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In a Standards-Based World Everyone Can Be a Winner! Summit on Urban Education in Ohio Thursday, May 5, 2005. Cleveland Municipal School District Donna Snodgrass Cleveland Teachers Union Maryann Fredrick .
Cleveland Municipal School District
Cleveland Teachers Union
Board of Education
Dr. Margaret M. Hopkins, Chair
Grady P. Burrows, Vice Chair
Lawrence W. Davis
Louise P. Dempsey
Robert M. Heard, Sr.
Willetta A. Milam
Dr. Michael Schwarz, ex officio member
Dr. Jerry Sue Thornton, ex officio member
Cleveland’s unified ELA system includes: Standards Matrix Standards at a Glance Pacing Guides Instructional Guides – Model Lessons Benchmark and Dipstick Assessments Intervention Materials Standards-based report card
First, educators Assess to understand a student’s current knowledge of the standards,
Then, they Plan to connect the assessment results to instruction,
Then, they Teach to the standards, beginning where the student is ready to learn.
Unpacking the standards is a process districts employ to “breathe life” into the standards in a way that gives educators, students and parents specific and clear directions about what to assess, plan and teach.The First Step in Unpacking the Standards… … is to organize the standards in a way that reveals hidden patterns within and among the standards.
Cleveland educators have organized the Ohio standards in a way that reveals how standards-based skills should develop from Pre-K through 12, well as what students should know and do at specific points in time to be on-track for graduation.
The second next step in unpacking the standards is to unpack the benchmarks and grade level indicators into their implied assessment items and lessons.
Standards, benchmarks and grade level indicators are theoretical statements in which assessments and lessons are merely implied. There are no explicit assessments or lessons in any standard, any benchmark or any grade level indicator. One hundred experienced teachers might read a standard, benchmark or grade level indicators and each visualize a different assessment or lesson.
Common assessment and common lessons are vital in a district where it is common for children to transfer from school to school. Common assessments and lessons mean:
In a standards-based assessment environment everyone can be a winner! On a standards-based test, students are not compared to each other, rather, their performance is compared to the mastery of a specific set of skills or concepts. If everyone masters the targeted standards at a high enough level, everyone is a winner!
Scoring Camp for Kids helps students learn to write high quality responses to open-ended test items. The materials and activities in the Scoring Camp for Kids manual are based on the premise that providing students with exemplars of what constitutes high quality work facilitates the students’ ability to produce high quality work.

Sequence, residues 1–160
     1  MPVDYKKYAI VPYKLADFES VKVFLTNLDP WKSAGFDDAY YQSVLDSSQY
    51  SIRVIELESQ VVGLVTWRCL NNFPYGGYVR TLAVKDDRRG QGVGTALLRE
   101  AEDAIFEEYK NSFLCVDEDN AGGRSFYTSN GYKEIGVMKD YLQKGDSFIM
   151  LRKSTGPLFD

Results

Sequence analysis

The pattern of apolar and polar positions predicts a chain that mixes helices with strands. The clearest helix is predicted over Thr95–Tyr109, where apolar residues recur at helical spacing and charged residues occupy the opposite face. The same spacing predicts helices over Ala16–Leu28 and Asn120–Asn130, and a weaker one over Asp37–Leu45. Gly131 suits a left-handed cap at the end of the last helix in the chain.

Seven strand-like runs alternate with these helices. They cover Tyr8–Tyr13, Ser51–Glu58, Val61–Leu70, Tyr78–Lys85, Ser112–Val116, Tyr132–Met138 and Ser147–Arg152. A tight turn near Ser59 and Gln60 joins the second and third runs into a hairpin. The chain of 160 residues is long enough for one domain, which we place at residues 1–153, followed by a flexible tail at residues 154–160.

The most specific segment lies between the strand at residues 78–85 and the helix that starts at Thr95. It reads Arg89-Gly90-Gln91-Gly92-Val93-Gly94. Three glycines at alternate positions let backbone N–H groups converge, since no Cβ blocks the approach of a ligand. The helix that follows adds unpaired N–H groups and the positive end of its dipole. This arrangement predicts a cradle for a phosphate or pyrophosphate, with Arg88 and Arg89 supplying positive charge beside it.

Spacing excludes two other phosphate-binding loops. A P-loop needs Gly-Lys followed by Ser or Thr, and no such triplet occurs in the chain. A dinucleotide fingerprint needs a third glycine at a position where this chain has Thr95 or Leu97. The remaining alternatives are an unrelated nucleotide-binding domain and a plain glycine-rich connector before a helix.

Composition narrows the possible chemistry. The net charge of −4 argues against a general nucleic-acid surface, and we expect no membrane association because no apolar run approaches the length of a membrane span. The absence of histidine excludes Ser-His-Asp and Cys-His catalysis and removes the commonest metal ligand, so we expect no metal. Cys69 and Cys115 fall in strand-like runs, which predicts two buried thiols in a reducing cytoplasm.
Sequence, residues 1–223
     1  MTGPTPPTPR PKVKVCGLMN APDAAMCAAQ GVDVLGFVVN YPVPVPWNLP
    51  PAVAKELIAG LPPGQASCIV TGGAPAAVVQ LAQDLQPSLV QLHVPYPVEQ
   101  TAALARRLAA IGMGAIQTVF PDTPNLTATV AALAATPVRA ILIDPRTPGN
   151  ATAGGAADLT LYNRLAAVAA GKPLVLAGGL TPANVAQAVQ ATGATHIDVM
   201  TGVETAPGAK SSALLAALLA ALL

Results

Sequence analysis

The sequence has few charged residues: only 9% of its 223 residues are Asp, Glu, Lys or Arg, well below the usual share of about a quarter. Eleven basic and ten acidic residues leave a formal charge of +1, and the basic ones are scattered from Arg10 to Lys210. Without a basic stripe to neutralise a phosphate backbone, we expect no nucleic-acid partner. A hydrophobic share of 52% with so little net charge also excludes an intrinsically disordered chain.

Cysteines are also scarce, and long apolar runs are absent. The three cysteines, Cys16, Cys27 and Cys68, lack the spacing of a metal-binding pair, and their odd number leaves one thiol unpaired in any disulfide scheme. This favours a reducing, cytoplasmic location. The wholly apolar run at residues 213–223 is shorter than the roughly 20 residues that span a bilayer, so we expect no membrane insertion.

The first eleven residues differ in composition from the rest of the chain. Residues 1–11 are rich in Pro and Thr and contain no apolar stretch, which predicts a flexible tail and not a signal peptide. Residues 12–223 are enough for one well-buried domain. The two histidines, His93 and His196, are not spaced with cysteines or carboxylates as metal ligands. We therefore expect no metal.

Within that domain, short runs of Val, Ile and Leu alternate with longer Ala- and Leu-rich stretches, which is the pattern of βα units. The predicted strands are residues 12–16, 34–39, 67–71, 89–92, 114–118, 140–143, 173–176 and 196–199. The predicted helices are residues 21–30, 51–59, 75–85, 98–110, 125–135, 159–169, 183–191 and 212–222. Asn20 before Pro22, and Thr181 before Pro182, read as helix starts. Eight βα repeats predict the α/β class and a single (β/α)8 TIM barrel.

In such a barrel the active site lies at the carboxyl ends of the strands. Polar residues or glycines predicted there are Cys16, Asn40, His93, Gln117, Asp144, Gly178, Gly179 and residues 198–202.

…Provides Cleveland teachers with an array of hands-on and concrete intervention ideas for helping students who are having difficulty with multiple-choice items on the Cleveland Third Grade Reading Benchmark Test
Dipstick Tests – are short periodic tests that measure skills that are markers of good progress. These markers are identified on the Pacing Charters. For example: in grade three there are common dipstick, based on common lists provided to teachers, for example:
Standards must be unpacked for students too!
… how might the concept “summarize” be put into student-friendly language?
… perhaps as, the “Big Idea of the Story.”
For example, a student might say “I can summarize or tell the big idea of a story and let me show you my evidence….
Here are some samples of how students can record and celebrate their personal progress.
Learning ChainsLearning chains are one way to help students measure and celebrate individual, classroom or building progress. Links in the chain represent skills and concepts that students have mastered. Each link makes an equal contribution to the total length of the chain no matter whether the links represent the work of the most advanced student or the work of a student who is just starting to make progress. The links of an individual child represent the measured progress of that child. Combining the links of all the students in the class (or building) represents the measured progress of the entire class (or building) over a specified period of time. Step 1: Create colored strips as shown below.Reserve for taping Reserve for taping 11” long and 1 ½ “ wide
Step 2: Allow each child to pick the color he or she will use for all of his or her links. Give each child an envelope or bag in which to keep untaped paper links he or she has earned.Step 3: Each time a child has completed an assigned or agreed upon task he or she is given a strip as shown above. The child immediately writes the appropriate information on his or her strip and puts it in his or her envelope.Step 4: At an agreed upon time, each child chains together his or her links and measures the length of his or her chain in order to determine his or her measured progress. Students can graph the length of their chains on a time series chart at regular time intervals. The time intervals are graphed on the x-axis, and the length of the chain is graphed on the y-axis. The entire class can link its chains together. Classroom chains can reach around the room more than once. (Measured progress for a building can reach around the block.) This activity is a good opportunity in elementary or middle schools for older students to apply what they have learned about measuring the perimeter of a figure.Step 5: Each child should be able to tell which link he or she is most proud of and why.